BY GEORGE LEE
APEGGA's engineers hear regularly of the major role their
professions play in improving standards of living in Canada
and abroad. Now about 7,500 professional cousins from coast
to coast are giving them the chance to learn more about a
similar and equally important role, this one played by the
Canadian Military Engineers.
CME members, who celebrate their centennial with events across
the country this year, tell an interesting story about the
development of Canada, says Lt.-Col. (Ret.) Ralph Gienow.
He's chairing the northern Alberta steering committee for
the centennial, dubbed CME 2003.
Military engineering founded the profession, he points out.
That bred the term civilian engineering, and the grammatical
link carries on in the discipline now known as civil engineering.
The first to leave their mark on Canada were Great Britain's
military engineers, with large developmental work such as
the Rideau Canal. But there was much more to come. The Alaska
Highway began its life as a military engineering project,
and so did airports in the major cities across Canada.
Northern communities owe much to military engineers. "Many
of the communities in Northern Canada wouldn't survive if
it hadn't been for the Canadian Military Engineers,"
says Mr. Gienow. "The only communications many of them
have are their airfields, which were almost entirely built
by military engineers, right across the north."
A history of infrastructure work isn't all that CME has to
celebrate. Capt. Barb Honig, chair of the CME 2003 steering
committee for Southern Alberta, points to geomatics as a current
area of research and development. "Our people are very
much integrated into the worldwide attempt to 3-D map the
world. We're actually quite progressive in that area."
And Canadian Forces Base Suffield is a leader in mine detection
research, developing a safer system using new technology,
says Capt. Honig.
In conjunction with Zenon Environmental Systems Inc., Canada's
military engineers developed the Reverse Osmosis Water Purification
Unit, which removes contaminants to produce the highest quality
water possible short of distillation. The system has been
used in conflict areas throughout the world, but also at home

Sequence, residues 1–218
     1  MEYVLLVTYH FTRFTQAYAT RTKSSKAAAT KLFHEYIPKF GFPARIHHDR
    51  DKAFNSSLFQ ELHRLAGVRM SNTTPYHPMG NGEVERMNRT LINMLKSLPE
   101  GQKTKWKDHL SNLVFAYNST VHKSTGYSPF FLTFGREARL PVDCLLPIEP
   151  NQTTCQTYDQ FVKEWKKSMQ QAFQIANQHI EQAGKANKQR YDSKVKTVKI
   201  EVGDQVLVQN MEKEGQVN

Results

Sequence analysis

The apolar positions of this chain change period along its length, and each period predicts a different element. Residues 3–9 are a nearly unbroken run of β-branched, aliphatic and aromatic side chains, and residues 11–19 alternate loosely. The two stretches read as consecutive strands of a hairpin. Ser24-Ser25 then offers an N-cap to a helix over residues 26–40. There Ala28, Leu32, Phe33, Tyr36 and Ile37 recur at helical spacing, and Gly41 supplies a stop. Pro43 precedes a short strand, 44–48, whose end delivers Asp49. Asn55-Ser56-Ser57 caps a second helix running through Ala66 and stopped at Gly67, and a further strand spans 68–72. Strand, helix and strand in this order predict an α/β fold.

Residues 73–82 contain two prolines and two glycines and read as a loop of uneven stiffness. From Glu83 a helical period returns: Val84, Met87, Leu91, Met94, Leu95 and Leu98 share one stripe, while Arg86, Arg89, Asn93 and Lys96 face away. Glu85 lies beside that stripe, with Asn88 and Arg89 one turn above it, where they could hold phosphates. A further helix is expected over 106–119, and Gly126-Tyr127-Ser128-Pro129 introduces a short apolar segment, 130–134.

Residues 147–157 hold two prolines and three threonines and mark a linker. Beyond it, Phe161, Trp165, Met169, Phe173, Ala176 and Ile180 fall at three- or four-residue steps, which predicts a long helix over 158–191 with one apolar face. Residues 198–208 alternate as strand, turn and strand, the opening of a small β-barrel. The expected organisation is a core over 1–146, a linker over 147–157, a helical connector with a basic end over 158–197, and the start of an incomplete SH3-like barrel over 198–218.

- in Manitoba during the Red River flood of 1997, for example.
The cornerstone of CME 2003 is a legacy program called Bridges
for Canada, a contribution to the Trans Canada Trail. Since
1999 military engineers in every province and territory have
been building these bridges in cooperation with local communities.
The engineers have added at least 40 bridges to the trail
so far, in a program set to wrap up next year.
Community work is common among CME members, says Capt. Honig.
Many units, particularly reserve units in small towns, involve
themselves in local projects. Calgary members recently built
a footbridge in Fish Creek Provincial Park.
Capt. Honig - who plans to seek APEGGA registration as a P.Eng.
- says the military develops leadership skills. "This
is something that maybe engineers don't always get when they
work in a strictly technical environment," she says.
Mr. Gienow, who was a P.Eng. for part of his career, says
the military was good to him. He retired from service in 1983,
after a career that included commanding a combat engineering
regiment in Germany and peacekeeping tours in the Middle East
after the 1973 war.
"I think your members will be pleasantly surprised at
the technology that military engineers use. A lot of civilian
engineers think we're just a bunch of army guys driving around
in amoured vehicles. But we use the same technology that civilian
engineers use. We do the same things except we do them under
"The difference is you're wearing a uniform and you do
a lot more travelling. You see interesting places, although
there is also danger, depending what military you're in. Pay
wise, it's equivalent to any other kind of engineering. It's
Capt. Honig urges members to take in centennial events in
their area. "They're generally a good time because
military engineers are a lot of fun," she quips.
April to October, at Museum of Regiments, City Hall, Calgary
Golf Tournament and more
Freedom of City Parade
With King's Own Calgary Regiment
Stampede Parade Float
Bridge Building Competition
Edmonton International Airport, City Hall
In place now
Military Engineering Showcases
At one each of
Edmonton Oilers, Edmonton Eskimos and Edmonton Trappers home
100th Birthday Celebration
Series of events welcoming CME members and families from across
May 28-June 1
Raft race, parade and other partcipation
July 17 to 26
Freedom of City Parade
Honouring 1 Combat Engineer Regiment
Display, parade, golf tournament, family day
Time Capsule Ceremony
Capt. Barb Honig
(403) 410-2320, ext. 3825